How To Describe a Person Who is Drowning

In almost all movies I have ever seen or books I have ever read where a person is supposedly drowning, there is lots of thrashing around, calling and waving for help, and other panicky behavior, but the truth is completely different from what we’d expect.

In the Fall 2006 issue of On Scene: The Journal of U.S. Coast Guard Search and Rescue, Aviation Survival Technician First Class Mario Vittone and Francesco A. Pia, Ph.D explain how to recognize the instinctive drowning response:

1. Except in rare circumstances, drowning people are physiologically unable to call out for help. The respiratory system was designed for breathing. Speech is the secondary, or overlaid, function. Breathing must be fulfilled, before speech occurs. 2. Drowning people’s mouths alternately sink below and reappear above the surface of the water. The moutpuget soundhs of drowning people are not above the surface of the water long enough for them to exhale, inhale, and call out for help. When the drowning people’s mouths are above the surface, they exhale and inhale quickly as their mouths start to sink below the surface of the water.

3. Drowning people cannot wave for help. Nature instinctively forces them to extend their arms laterally and press down on the water’s surface. Pressing down on the surface of the water, permits drowning people to leverage their bodies so they can lift their mouths out of the water to breathe.

4. Throughout the Instinctive Drowning Response, drowning people cannot voluntarily control their arm movements. Physiologically, drowning people who are struggling on the surface of the water cannot stop drowning and perform voluntary movements such as waving for help, moving toward a rescuer, or reaching out for a piece of rescue equipment.

5. From beginning to end of the Instinctive Drowning Response people’s bodies remain upright in the water, with no evidence of a supporting kick. Unless rescued by a trained lifeguard, these drowning people can only struggle on the surface of the water from 20 to 60 seconds before submersion occurs.

Yikes. Makes me glad I’m not a lifeguard or someone who writes books with drowning victims since it would be hard to recognize such stillness as someone in distress. (Makes me even gladder I have a healthy fear of deep water.) Still, if I ever had to write about someone who is drowning, I know how to do write the scene. Hmmm. Maybe a short story someday. After all, I’ve already done the research! Or rather, Francesco Pia did.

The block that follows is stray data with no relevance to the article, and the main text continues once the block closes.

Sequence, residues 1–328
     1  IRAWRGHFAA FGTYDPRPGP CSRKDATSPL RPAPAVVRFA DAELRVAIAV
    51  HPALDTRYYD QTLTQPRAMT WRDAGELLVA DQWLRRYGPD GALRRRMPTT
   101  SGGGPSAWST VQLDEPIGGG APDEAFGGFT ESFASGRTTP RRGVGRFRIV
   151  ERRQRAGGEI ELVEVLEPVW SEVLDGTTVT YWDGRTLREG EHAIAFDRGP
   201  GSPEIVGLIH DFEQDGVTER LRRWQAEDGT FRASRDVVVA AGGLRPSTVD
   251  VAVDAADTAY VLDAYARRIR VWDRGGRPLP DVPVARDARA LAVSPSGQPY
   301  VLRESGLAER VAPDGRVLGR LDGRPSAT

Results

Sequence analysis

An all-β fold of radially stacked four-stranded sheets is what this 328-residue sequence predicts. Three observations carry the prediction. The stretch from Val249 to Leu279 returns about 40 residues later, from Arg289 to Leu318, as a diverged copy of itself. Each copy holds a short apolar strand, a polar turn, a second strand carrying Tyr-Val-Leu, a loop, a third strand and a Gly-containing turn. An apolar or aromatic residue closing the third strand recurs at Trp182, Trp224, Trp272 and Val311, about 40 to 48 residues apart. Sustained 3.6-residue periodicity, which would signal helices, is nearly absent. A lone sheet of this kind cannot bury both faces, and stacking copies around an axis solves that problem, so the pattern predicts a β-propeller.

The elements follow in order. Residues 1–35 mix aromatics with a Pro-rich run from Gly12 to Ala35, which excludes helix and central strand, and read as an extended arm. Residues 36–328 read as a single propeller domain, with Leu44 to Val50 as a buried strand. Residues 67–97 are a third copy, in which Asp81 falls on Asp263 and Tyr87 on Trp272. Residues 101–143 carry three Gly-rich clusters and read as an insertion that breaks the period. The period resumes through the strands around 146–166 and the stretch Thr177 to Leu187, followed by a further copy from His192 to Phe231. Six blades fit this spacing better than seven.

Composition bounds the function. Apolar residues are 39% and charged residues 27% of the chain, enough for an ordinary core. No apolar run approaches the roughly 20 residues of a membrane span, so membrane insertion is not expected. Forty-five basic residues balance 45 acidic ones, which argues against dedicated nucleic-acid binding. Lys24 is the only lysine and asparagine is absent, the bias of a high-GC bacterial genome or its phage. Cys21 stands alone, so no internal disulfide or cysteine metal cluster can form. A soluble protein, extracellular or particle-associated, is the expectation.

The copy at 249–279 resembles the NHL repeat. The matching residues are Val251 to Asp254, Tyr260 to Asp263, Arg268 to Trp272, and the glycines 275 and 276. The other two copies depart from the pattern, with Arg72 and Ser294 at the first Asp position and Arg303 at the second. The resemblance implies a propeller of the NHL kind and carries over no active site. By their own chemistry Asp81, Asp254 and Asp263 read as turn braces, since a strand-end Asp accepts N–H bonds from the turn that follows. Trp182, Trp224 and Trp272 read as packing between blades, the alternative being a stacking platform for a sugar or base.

***

Pat Bertram is the author of the suspense novels Light Bringer, More Deaths Than One, A Spark of Heavenly Fire, and Daughter Am I. Bertram is also the author of Grief: The Great Yearning, “an exquisite book, wrenching to read, and at the same time full of profound truths.” Connect with Pat on Google+. Like Pat on Facebook.

9 Responses to “How To Describe a Person Who is Drowning”

  1. rami ungar the writer Says:

    As someone who nearly drowned when I was 8 at the pool, this brought back memories.

  2. ROD MARSDEN Says:

    I nearly drowned at a beach when I was two but I have no memory of the incident. It’s just what I have been told.

    I know what drowning is like though. I had pneumonia when I was still in primary. Apparently the sensations on the mind and body are similar to drowning since your lungs are being filled up and not with air. I have also been told that there are also similarities in the corpse of a drowned person and also that of someone who has died from pneumonia.

  3. Pat Bertram Says:

    I once thought I was drowning, but apparently not. During a swimming lesson, we were told to jump into to deep end. I sunk to the bottom, and thrashed around and tried to find my way to the surface of the pool. The teacher had to rescue me. But I don’t think I ever got water in my lungs, so I wasn’t drowing. Just panicked.

  4. nancylynnjarvis Says:

    I open my first book, The Death Contingency, with a young man drowning off the shore of Davenport, California. His demise wasn’t what you described, but he suffered from hypothermia and we left him before he succumbed.

  5. lvgaudet Says:

    This is interesting. Every person drowning in a movie or book went completely against my own experience. I always thought there must be something wrong with me I panicked. I froze. I read an article recently too that described the real signs of drowning. The couple thought their boat captain was jumping in to rescue them, that he mistook their play splashing. It never occurred to them their kid was quietly drowning behind then.

    It makes me wonder what else is often described wrong either from simple ignorance or just because the reality isn’t splashy enough.

    • Pat Bertram Says:

      Most truths aren’t splashy enough for movies, not just water truths. For example, in almost all cinematic car chases, the driver turns around to look out the back window. I mean, who in real life ever does that? But quietly glancing at a rear view mirror isn’t dramatic enough, I guess.

      I’m so glad you didn’t drown! Not just because it would ave been a terrible way to go, but because I would have missed knowing you.

    • ROD MARSDEN Says:

      Cars and trucks going over cliffs and exploding when they presumably hit the ground is wrong. Most cars and trucks will crumple rather than explode. I saw a French movie once where they got the timing wrong. The truck exploded a fraction of a second before it hit. Obviously the guys making the explosion happen did so too soon and they didn’t have the money to do the scene over again.


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